Dead on Arrival by Matt Richtel
@@@@ (4 out of 5)
Just imagine. You’ve landed at a small regional airport somewhere in the Rocky Mountains. The world has gone silent. There’s nothing but static on every channel on the radio. The body of a man in a jumpsuit lies sprawled on the tarmac, and human figures inside the terminal are motionless. Is this beginning of a dystopian tale? Will people everywhere be victims of a mysterious pandemic? Or is something else happening here?
In Matt Richtel’s debut novel, Dead on Arrival, something else is definitely going on. As will quickly become apparent, what appears to be a pandemic is somehow related to a top-secret project at Google. There, a small team of brilliant engineers is exploring the connection between information overload, memory, and attention. Has the experiment gone awry? We’ll find out.
Dead on Arrival is loosely based on contemporary neurological research that is turning up disturbing findings. The information overload to which so many of us are subject through our mobile devices and social media is a problem on many levels. First, the information glut that keeps us glued to our screens can impair working (short-term) memory. Second, information overload is causing many of us to suffer from decision fatigue. Third, as The Economist has noted, “information overload can make people feel anxious and powerless: scientists have discovered that multitaskers produce more stress hormones.” Lastly, our marriage with social media may be driving us apart, causing us to drift ever closer to political extremes (although some studies question this assertion). Matt Richtel has built his novel around these questions, speculating that the potential exists for electronic media to impact us in far worse ways.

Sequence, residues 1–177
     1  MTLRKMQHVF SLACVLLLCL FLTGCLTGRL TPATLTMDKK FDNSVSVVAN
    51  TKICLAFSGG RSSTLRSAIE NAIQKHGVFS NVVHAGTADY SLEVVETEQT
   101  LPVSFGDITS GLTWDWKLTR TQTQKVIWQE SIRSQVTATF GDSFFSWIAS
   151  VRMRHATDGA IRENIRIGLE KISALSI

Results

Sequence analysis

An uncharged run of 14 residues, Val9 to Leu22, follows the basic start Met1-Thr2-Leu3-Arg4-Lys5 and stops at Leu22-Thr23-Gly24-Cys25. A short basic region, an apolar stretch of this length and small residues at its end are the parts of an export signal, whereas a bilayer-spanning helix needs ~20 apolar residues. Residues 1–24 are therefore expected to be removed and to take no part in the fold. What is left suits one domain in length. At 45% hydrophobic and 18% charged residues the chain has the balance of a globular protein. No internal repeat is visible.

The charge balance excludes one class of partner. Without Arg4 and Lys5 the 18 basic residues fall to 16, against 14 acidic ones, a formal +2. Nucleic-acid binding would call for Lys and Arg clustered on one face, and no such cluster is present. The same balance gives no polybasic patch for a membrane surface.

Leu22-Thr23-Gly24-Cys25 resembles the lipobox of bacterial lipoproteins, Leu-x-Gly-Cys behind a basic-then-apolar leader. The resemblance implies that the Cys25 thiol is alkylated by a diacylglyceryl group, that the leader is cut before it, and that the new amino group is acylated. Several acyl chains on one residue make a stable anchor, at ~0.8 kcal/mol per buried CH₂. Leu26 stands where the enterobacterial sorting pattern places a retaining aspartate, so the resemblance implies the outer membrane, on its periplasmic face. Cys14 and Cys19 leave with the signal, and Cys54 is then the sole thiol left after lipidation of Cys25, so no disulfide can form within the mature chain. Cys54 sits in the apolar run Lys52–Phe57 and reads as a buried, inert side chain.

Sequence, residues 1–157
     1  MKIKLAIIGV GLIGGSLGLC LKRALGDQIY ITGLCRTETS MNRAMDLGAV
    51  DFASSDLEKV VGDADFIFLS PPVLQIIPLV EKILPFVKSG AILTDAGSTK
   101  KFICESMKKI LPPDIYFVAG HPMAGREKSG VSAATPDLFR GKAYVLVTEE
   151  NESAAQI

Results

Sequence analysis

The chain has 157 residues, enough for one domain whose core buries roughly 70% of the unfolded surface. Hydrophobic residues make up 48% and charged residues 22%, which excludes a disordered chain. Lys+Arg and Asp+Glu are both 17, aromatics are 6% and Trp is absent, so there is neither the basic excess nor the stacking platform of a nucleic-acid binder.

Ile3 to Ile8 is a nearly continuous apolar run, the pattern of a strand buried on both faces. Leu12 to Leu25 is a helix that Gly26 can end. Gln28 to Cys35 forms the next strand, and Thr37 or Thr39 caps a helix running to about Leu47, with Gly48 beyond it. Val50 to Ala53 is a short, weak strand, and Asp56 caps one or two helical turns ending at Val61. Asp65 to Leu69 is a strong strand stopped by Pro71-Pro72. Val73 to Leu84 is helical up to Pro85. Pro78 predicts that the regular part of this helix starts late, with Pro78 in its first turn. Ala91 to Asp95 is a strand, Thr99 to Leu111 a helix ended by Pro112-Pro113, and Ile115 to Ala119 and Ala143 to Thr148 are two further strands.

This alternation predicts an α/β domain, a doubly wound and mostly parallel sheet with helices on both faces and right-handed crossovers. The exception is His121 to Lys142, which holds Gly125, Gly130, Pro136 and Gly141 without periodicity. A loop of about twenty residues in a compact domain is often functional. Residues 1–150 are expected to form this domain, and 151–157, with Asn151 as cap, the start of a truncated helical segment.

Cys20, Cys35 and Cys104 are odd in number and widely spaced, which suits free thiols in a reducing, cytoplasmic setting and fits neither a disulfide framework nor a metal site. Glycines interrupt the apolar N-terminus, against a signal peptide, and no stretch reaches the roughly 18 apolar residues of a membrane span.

Matt Richtel won a Pulitzer Prize for a series of articles at the New York Times about distracted driving. He later wrote a bestselling nonfiction book on the topic, A Deadly Wandering. Before writing Dead on Arrival, Richtel studied the impact on the human brain of living with “a deluge of data” from digital devices. He shared the thought that children’s brains are developing differently from those of their parents and others of older generations. Richtel, a graduate from the University of California, Berkeley, holds a Master’s degree from the Columbia School of Journalism.
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